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SME Survival Guide: How to manage IT for remote employees

IT
Remote working
SME
Work from home
by Oonagh McCutcheon
18 Sep 2020

As the world has adjusted to Covid-19, one of the biggest impacts on companies and staff has been working from home – it even has its own acronym, WFH.  Some of the challenges faced by workers, such as balancing work and family, mental health issues and health and safety issues have received a lot of attention.  However, the process of managing remote teams and WFH staff from an IT perspective also needs to be addressed.

Planning is essential

Many SMEs outsource their IT support and don’t have the skills in-house to manage the new WFH environment. Even when workplaces reopen fully, it is expected that there will be a demand for more flexible working with staff working a few days a week in the office and a few days at home or in a digital hub.

Now is the time to start planning and have systems in place to allow this happen securely and safely. It is advisable to create a structured IT plan to support remote working, seeking the input of an IT expert if you don’t have an in-house team.

Tips to help you transition to a more structured process

  1. Work-supplied equipment should be used only for work related activities, and should not be used for kids zoom parties, or shared with any other household members. Staff may not be aware of the security risk this poses, whether that’s getting a virus or inadvertently accessing confidential company information.
  2. Passwords and login details should be kept safe and secure. It’s best not to write them on a sticky note and attach to the screen! We recommend use of a Password Manager to ensure secure storage of passwords.
  3. Login passwords should be set to time out after a couple of minutes of inactivity to ensure no one can access computers if the user is away from their desk.
  4. If work materials are printed out, especially customer details, they should be stored in a locked drawer to prevent GDPR breaches.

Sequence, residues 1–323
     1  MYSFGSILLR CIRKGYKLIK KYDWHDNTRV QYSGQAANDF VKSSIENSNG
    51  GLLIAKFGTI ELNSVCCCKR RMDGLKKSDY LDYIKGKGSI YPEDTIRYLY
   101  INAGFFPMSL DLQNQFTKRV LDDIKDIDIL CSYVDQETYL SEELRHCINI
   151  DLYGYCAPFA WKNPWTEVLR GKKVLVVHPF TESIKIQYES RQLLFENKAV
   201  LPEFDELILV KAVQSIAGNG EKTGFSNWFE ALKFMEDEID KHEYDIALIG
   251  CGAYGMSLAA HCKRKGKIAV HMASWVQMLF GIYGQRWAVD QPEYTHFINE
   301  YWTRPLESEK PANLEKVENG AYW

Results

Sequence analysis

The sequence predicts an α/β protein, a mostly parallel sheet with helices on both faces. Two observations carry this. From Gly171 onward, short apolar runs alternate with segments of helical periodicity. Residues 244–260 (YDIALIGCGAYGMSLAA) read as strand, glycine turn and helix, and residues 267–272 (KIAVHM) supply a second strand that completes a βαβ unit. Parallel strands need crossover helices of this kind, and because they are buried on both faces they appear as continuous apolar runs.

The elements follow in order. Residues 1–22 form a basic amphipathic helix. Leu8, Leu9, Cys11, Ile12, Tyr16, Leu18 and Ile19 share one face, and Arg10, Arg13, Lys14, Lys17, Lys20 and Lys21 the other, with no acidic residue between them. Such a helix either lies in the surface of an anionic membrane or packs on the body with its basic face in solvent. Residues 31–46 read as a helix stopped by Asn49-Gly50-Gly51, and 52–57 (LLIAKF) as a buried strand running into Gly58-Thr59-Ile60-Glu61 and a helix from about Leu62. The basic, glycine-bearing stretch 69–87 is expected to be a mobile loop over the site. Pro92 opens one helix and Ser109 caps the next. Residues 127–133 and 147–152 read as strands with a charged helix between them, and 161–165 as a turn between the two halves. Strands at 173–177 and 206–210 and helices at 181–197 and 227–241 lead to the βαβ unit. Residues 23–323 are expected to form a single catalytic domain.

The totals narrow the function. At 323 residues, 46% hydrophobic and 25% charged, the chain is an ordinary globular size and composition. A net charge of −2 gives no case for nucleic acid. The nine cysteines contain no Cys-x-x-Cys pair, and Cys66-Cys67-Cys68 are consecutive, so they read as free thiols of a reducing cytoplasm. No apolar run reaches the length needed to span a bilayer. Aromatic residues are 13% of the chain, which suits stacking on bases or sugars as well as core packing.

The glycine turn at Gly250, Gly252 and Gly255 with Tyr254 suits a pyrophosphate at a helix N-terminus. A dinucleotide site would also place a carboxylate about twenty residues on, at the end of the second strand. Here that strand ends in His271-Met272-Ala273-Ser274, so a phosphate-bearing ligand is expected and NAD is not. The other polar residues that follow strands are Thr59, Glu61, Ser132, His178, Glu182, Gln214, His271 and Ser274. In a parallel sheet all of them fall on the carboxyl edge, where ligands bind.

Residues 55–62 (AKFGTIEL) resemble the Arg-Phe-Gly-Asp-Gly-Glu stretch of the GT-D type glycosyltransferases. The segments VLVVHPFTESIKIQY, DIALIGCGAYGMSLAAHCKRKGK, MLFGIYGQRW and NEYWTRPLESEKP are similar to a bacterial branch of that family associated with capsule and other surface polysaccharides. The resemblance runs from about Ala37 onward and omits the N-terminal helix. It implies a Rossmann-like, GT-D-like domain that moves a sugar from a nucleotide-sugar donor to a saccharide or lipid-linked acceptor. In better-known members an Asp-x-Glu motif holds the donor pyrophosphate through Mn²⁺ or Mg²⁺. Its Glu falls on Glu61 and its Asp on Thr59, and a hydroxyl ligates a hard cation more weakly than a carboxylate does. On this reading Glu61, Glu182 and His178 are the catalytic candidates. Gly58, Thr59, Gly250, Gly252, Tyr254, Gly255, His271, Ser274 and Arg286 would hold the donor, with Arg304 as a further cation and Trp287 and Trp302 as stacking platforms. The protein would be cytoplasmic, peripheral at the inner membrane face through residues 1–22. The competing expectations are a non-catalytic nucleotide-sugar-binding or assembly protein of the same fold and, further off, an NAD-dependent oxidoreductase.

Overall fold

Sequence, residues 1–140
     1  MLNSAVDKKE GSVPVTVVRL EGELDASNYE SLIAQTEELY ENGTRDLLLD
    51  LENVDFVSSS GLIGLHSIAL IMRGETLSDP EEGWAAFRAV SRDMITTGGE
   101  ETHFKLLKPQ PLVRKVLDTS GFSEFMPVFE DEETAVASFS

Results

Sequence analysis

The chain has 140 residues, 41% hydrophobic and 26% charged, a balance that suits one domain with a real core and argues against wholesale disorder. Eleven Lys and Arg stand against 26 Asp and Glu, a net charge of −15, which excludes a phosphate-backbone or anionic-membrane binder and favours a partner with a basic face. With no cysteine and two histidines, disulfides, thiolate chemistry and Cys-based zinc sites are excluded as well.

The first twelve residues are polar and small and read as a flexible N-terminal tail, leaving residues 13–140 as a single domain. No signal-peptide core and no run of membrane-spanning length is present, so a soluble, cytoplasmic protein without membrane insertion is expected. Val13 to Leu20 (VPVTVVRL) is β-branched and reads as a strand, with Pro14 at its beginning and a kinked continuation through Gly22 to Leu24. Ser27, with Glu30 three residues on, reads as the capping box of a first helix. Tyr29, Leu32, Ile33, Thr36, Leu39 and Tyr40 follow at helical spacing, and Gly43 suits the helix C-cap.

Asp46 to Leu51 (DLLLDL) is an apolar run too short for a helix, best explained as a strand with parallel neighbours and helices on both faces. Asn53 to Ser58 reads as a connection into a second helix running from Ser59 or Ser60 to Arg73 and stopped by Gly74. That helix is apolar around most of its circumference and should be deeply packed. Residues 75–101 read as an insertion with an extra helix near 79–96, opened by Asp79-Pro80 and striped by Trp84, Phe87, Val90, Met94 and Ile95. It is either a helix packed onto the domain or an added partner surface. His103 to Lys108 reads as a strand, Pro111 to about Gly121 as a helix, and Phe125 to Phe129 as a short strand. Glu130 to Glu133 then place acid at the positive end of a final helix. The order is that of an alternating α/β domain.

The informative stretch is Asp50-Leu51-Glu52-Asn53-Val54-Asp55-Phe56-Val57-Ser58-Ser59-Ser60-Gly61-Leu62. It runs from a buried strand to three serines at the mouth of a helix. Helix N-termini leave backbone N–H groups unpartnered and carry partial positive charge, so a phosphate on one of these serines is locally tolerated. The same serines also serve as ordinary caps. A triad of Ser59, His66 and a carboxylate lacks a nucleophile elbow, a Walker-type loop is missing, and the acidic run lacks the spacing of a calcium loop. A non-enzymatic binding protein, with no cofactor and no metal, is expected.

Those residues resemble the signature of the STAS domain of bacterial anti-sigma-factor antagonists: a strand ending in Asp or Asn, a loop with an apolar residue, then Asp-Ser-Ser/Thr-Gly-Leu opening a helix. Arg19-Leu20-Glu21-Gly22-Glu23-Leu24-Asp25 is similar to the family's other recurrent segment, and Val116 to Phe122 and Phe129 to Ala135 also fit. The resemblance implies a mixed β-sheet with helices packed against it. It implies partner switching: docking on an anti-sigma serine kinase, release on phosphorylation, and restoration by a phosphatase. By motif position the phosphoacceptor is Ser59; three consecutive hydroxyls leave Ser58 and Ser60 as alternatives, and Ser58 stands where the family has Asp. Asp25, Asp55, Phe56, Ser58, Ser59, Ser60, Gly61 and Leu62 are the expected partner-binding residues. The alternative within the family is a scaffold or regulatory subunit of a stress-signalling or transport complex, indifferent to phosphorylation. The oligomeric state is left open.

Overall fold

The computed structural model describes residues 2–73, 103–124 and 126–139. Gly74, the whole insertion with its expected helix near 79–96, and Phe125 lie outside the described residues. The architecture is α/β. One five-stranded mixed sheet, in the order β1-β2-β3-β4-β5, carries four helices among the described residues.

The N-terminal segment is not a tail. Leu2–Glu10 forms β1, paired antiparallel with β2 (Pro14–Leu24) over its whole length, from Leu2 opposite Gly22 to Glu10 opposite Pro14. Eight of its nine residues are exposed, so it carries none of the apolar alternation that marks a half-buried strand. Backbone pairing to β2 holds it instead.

5. As the employer, you need to ensure that it is a requirement to change passwords frequently. A company might set a 3-6 month password policy in their central authentication system along with a policy regarding password complexity (length, various character types eg. %$, capital letters, numbers etc.). The important thing is that there is an official policy on it as opposed to depending on the staff member.
  6. Staff are most likely logging in to the company server through a virtual private network (VPN), and it’s important to ensure the connection is secure. Two Factor Authentication (2FA) adds an extra layer of security when you log into the company server, much like the way online banking asks for user ID and a pin code.
  7. Keeping anti-virus software up to date is vital because computers are regularly threatened by new viruses. Encourage staff to respond to notifications about virus updates.
  8. Staff should use the company email system and avoid using personal email for work related activities. Documents sent via personal gmail accounts may not be secure. If documents must be sent via gmail, make sure the attachments are password protected, and don’t include the password in the body of the email.
  9. Train staff in how to spot suspicious emails. With people working remotely, it can be easy to be duped.
  10. Public wi-fi offers great convenience, but there are risks in using it. You don’t know who else is connected to it or how it was set up. There are some simple steps that can help reduce the risk, including using encrypted connections.
  11. Use technology to manage documents signatures if this is a factor for your business.

Troubleshooting

In an office environment, workers often rely on colleagues for help with IT issues. It’s easy to lean across and ask a colleague how to do things.

In a WFH environment, such support is not available. It would be worthwhile to create a checklist with common IT issues that arise in your company and provide tips and advice on how to fix them.

 

Further reading